Rejection Letter Collection

In my early 20’s, I wanted to be a writer. This is what you did if you were an English major and you were not bound to be a teacher.

Rejection Letter Collection
By Jac Alexandru on Unsplash

In my early 20’s, I wanted to be a writer. This is what you did if you were an English major and you were not bound to be a teacher.

I was not a terribly good writer either, partly because when you are that young and from a background of privilege, you really don’t have a lot to say that is memorable or unique. You just haven’t seen too much or really felt much and it takes a lot of work to craft a voice that is worth listening to and to figure out what really needs to be said.

That is, unless you truly have the gift. Which I did not.

Sure, I was an Army Brat that had moved every 2 to 3 years as my dad (an officer) changed duty stations. I’d lived in Kuala Lumpur as an expat and traveled to Singapore and Bangkok and Manila (yes, more privilege!) and joined the military as a SIGINT analyst as the Cold War ended, but I had “missed out” on the first Gulf War.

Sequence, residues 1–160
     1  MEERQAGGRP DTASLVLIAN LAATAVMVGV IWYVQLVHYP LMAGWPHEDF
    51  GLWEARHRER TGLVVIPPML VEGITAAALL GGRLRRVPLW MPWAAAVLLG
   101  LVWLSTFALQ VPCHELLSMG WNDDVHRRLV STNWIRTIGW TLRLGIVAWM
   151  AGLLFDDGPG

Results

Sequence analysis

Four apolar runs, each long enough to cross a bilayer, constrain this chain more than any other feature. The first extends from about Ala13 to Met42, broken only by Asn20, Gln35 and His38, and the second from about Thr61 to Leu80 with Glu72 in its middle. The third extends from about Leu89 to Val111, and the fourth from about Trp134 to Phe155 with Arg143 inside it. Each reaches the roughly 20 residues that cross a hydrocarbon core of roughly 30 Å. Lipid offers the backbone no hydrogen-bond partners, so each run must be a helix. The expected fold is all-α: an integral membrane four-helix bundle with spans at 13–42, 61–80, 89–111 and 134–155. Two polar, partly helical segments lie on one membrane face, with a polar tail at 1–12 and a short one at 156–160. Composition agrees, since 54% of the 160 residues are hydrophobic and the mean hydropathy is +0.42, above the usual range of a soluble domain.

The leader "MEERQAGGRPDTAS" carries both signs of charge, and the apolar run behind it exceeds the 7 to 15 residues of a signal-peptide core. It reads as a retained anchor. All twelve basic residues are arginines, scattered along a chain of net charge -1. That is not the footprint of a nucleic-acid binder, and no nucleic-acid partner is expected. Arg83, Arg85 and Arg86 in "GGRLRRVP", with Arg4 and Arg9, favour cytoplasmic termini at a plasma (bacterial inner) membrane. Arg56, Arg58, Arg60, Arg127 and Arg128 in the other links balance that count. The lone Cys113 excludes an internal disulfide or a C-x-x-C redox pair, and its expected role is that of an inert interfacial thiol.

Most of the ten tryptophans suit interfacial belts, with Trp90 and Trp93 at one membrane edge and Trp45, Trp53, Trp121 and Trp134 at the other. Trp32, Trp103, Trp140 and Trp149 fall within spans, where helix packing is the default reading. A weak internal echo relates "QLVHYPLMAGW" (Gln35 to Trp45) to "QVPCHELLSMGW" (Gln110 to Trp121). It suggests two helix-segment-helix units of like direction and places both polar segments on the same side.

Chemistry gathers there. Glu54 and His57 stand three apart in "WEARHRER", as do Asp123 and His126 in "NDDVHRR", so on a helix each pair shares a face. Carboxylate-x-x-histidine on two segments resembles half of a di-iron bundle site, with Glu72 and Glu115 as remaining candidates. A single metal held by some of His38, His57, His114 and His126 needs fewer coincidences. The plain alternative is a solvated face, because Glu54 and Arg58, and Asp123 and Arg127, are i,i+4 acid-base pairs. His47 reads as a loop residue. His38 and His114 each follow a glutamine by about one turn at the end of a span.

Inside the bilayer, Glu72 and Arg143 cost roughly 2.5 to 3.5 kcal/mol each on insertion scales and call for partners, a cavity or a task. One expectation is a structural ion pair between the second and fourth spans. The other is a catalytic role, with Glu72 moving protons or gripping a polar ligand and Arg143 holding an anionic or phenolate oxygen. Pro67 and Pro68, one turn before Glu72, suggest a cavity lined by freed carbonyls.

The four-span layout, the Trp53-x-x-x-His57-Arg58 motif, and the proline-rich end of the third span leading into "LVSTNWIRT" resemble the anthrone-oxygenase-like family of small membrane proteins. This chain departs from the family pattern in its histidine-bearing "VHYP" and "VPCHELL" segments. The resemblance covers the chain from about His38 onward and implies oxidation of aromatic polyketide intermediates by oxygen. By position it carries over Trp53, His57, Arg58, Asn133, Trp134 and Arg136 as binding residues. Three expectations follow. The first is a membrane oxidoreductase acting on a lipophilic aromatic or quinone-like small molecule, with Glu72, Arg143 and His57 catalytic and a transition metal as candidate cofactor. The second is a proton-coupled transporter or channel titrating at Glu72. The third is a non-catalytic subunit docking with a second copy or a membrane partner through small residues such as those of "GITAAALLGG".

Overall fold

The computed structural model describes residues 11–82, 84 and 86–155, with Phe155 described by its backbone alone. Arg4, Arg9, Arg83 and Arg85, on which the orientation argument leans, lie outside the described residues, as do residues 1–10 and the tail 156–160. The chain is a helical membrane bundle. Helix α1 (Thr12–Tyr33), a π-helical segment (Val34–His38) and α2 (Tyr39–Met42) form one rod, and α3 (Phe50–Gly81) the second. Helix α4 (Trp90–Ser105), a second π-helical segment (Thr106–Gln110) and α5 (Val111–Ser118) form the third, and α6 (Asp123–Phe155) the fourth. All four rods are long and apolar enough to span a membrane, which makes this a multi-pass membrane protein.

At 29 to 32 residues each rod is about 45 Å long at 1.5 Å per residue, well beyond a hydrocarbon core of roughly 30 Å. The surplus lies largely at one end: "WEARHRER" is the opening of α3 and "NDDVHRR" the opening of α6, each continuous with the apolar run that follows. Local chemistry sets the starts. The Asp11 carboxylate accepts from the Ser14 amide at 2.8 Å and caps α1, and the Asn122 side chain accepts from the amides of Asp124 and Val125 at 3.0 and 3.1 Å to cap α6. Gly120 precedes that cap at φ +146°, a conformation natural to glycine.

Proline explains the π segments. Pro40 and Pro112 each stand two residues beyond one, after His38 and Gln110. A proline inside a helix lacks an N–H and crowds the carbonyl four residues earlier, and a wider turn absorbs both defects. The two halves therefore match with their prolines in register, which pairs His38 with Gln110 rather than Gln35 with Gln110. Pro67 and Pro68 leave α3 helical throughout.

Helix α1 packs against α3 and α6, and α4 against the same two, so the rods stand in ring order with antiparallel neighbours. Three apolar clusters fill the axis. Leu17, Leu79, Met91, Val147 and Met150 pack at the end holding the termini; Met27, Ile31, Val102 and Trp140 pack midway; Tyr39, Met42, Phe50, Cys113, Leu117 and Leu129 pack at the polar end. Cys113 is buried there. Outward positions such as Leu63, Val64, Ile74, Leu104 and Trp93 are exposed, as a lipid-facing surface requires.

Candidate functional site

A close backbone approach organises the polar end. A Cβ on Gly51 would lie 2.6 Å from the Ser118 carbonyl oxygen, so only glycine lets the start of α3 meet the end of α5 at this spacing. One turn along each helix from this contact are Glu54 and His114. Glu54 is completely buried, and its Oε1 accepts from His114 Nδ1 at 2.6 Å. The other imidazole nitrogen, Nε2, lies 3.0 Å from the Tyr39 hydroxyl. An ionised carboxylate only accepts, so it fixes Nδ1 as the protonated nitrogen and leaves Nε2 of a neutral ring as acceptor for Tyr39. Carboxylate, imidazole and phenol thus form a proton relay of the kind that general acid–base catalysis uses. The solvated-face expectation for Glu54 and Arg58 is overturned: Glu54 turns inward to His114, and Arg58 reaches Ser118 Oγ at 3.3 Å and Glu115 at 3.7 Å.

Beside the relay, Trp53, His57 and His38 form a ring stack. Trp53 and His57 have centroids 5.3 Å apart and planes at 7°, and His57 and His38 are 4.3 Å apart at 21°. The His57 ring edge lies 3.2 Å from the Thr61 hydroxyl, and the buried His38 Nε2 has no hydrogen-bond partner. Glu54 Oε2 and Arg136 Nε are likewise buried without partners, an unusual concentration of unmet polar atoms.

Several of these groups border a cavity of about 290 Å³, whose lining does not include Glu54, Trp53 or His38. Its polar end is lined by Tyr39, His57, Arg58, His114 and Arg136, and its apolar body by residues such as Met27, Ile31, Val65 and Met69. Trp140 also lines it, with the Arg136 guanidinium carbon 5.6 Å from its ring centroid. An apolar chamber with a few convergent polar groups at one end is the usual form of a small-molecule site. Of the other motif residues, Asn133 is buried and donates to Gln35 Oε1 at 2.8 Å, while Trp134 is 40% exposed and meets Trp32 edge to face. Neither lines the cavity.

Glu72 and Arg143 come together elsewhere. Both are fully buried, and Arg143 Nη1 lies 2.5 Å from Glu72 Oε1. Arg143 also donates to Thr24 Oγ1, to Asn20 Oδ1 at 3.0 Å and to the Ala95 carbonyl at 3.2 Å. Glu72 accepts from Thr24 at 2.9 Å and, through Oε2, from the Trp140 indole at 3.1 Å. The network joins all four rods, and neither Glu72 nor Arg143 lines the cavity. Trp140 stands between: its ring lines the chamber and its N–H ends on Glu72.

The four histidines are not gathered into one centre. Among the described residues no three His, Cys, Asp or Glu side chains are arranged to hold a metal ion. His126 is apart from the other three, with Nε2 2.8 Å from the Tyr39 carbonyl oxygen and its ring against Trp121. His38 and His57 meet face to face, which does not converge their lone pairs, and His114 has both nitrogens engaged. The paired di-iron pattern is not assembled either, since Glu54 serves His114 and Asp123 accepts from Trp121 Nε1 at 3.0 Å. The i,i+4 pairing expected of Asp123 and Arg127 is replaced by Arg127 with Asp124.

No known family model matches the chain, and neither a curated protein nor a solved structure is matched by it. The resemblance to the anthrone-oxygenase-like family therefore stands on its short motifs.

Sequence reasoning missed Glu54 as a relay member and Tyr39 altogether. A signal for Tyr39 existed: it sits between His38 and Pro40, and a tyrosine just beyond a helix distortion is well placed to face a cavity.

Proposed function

In the lead-up to the war, I remember running at night along Hollemann Drive to stay in shape. I did push-ups in the elementary school field to prepare. I wondered about the desert heat. Was it as bad as they said?

I remembered the MOPP Drills and the gas chamber in Basic Training, my eyes burning and snot dripping down off my face, the drill sergeants laughing through the glass as the CS gas wafted into our lungs and we began to cough so we would trust our gas mask.

This was before the SCUDs and Patriots and gas masks worn during concerts in Israel. During the day, the flatbed rail cars from Ft. Hood were full of mostly green (and a few that were desert tan) trucks and armored vehicles headed past Kyle Field towards Houston, or wherever III Corps would disembark for Saudi.

I didn’t spend days burning shit with gasoline in the desert, or hours trying to stay awake at the wheel in convoys driving north (veering off into the sand after falling asleep) to Iraq or Kuwait City or wherever. I did not see (or smell) firsthand what happened when Iraqi columns were decimated by AH-64’s or A-10’s. I did not fire rounds from my Beretta into an open T-72 or BMP cupola or pull bloated, incomplete corpses from them.